By Jack Kelly
I’m sorry; I will be different this time. I’ll change, I promise. I didn’t know you felt this way. You should have come to me first. Please don’t go. I bought you flowers, roses and chocolate. I just made reservations for us at your favorite restaurant. I was just about to propose…
Does this sound familiar? Isn’t this the clichéd response you have heard anytime you’ve had enough and started walking out the door?
Doesn’t it also appear that your partner suddenly wakes up and tells you how much they care ONLY when they find out that you are leaving?
Business relationships are much like romantic relationships—sometimes they run their course and you need to move on to another job. Perhaps the boss was not appreciative of your work efforts. Maybe there is no advancement; you have not received a much deserved raise or bonus; management has started taking you for granted.
In this market counter offers are very prevalent. The interview phase takes three to over six months and involves extensive time commitments and effort on behalf of management and employees. Lately, firms may not even interview right away to replace a person but instead pile the work on someone else. They may also laterally move an inferior and less experienced internal employee to take on the job in an effort to save money and time.
Offers being made by other firms are modest, usually a ten to fifteen percent increase above the current base. Therefore, given the time and effort involved in replacing an employee (if the company is allowed to replace the person) coupled with relatively lower competing offers, it is becoming standard procedure for firms to counter offer their employees to stay.
Just as those statements ring hollow so does the rhetoric of a manager desperately trying to keep an employee.
Even if we give the current boss the benefit of the doubt that he/she is a good person, who amongst us would like to start searching for a new employee in mid-July when we have vacation plans and really don’t want to spend the time to find a person and train them? It’s much easier to offer a counter as a band aid solution. Let’s throw some money at this person and get them to stay. We were going to give them an annual increase soon anyway.
Here’s the catch: the counter is really a stalling technique. Nothing changes. Within a week or two, just as in a relationship, things return to as they were and you are still miserable.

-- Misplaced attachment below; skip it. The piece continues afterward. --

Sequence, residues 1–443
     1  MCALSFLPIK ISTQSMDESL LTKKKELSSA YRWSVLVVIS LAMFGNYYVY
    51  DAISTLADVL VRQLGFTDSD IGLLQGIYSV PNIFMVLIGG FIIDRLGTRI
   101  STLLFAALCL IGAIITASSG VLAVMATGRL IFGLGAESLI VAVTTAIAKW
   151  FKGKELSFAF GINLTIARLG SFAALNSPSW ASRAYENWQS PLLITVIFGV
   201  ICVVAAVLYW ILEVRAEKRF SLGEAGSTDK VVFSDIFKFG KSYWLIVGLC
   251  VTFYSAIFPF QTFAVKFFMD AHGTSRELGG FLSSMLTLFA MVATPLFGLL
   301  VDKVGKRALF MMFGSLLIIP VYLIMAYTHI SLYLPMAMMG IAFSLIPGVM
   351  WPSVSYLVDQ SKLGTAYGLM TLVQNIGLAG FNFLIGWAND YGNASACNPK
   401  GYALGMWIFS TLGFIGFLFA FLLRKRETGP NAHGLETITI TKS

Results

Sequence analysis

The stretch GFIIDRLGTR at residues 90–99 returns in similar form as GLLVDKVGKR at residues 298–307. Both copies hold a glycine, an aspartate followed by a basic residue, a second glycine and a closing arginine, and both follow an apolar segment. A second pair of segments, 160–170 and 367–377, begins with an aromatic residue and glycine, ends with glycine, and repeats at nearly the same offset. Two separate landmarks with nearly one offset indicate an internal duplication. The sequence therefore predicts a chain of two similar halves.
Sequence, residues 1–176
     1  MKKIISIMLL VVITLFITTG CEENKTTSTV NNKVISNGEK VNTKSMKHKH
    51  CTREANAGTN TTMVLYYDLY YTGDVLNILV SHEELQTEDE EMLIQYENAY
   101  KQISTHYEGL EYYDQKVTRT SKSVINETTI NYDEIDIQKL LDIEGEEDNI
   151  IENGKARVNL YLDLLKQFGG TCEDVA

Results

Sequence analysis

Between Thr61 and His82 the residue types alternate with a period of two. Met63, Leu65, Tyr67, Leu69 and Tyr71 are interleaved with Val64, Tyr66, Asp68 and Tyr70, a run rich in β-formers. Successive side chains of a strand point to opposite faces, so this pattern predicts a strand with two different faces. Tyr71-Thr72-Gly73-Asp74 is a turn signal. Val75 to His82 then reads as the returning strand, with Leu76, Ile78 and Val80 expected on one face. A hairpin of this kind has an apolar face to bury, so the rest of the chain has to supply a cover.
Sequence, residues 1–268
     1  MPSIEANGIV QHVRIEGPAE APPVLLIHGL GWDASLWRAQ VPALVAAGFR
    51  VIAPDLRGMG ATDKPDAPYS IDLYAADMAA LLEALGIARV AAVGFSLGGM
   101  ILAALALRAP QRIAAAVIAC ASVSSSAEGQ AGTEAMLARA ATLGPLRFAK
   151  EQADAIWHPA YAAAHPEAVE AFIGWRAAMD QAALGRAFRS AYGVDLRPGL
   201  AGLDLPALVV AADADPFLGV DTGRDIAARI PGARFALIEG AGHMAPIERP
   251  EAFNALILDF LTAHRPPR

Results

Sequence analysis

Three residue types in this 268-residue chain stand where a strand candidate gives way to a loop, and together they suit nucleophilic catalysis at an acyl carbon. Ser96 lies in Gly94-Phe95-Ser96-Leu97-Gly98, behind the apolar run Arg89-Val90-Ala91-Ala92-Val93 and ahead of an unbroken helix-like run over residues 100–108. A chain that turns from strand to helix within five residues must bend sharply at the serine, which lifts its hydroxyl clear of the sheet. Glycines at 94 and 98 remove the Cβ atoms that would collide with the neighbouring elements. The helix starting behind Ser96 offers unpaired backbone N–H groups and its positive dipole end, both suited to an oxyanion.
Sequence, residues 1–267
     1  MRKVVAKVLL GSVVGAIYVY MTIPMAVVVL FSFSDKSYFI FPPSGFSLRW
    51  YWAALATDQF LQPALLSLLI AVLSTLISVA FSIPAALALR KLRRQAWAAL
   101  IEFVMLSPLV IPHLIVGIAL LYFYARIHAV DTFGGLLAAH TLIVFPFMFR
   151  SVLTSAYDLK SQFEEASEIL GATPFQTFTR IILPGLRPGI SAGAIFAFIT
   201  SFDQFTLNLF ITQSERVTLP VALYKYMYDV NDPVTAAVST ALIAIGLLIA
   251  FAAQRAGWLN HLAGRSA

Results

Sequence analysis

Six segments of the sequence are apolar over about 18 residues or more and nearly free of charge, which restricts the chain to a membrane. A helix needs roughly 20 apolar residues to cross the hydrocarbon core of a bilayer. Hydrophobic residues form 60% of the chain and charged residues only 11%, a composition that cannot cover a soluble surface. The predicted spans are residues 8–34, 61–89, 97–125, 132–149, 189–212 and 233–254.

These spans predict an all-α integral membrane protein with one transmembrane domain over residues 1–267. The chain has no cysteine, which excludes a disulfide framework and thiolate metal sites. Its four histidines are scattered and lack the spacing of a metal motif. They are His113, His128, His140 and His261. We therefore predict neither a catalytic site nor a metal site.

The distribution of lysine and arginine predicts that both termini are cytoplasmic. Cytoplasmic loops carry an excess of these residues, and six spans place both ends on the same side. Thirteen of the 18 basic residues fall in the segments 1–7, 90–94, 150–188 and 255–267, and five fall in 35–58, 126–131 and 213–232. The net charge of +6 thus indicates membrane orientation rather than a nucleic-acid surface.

Only, it is worse than before. Management will remember only that you held a gun to their head to get you to stay. Say goodbye to any raises; you already received it in the form of the counter. Also, beware— every time you leave early, come in late, take a long lunch, have a sick day, wear a new outfit- all will be signs that you are looking for a new job, as management feels you already betrayed yourself as a flight risk. Forget about promotions, as the resentment that you held them up for more money lingers and they will give the promotion to someone perceived as more loyal.
The environment becomes hostile. What usually happens is that you become tired of the sideways stares and behind the back chatter and quickly leave for a different job. This rebound job is most often worse than the current job and not nearly as attractive as the one you turned down.
It is unfortunate that we are in this type of market. With very few if any raises and intense work requirements, employees almost have to pursue new opportunities outside of the company in order to advance their career. But when the new job is found, the pressure and sweat talk begins and they capitulate into the old bad relationship.
My advice is that if you have not been treated well and a company had days, weeks, months and years to take care of your concerns but only addressed them after you stated your intent to leave, they really don’t care about you.
It sounds harsh and cold but it is the reality. They had their chance and they blew it.
If you have a new job offer, don’t be tempted by a counter offer from your current firm. Pursue the new opportunity with a fresh start and don’t look back.